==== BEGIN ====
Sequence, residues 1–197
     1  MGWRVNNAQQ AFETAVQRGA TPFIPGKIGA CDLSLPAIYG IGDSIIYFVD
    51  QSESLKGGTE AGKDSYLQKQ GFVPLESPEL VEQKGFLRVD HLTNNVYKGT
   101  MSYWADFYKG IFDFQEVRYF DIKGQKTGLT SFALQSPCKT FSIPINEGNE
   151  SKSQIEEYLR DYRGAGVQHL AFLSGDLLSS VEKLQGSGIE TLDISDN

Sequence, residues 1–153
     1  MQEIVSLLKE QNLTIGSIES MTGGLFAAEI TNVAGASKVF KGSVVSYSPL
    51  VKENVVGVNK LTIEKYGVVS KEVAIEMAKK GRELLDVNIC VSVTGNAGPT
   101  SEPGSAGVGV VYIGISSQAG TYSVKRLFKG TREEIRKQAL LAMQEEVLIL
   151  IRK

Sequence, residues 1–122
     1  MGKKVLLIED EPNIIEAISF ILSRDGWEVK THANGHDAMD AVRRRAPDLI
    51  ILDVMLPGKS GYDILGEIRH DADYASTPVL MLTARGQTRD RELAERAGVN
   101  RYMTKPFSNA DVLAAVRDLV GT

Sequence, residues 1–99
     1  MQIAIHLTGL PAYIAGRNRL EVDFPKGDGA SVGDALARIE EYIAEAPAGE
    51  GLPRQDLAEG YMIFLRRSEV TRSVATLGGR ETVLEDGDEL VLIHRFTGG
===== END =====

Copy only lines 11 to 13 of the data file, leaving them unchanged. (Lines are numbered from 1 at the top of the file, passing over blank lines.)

Sequence, residues 1–122
     1  MGKKVLLIED EPNIIEAISF ILSRDGWEVK THANGHDAMD AVRRRAPDLI
    51  ILDVMLPGKS GYDILGEIRH DADYASTPVL MLTARGQTRD RELAERAGVN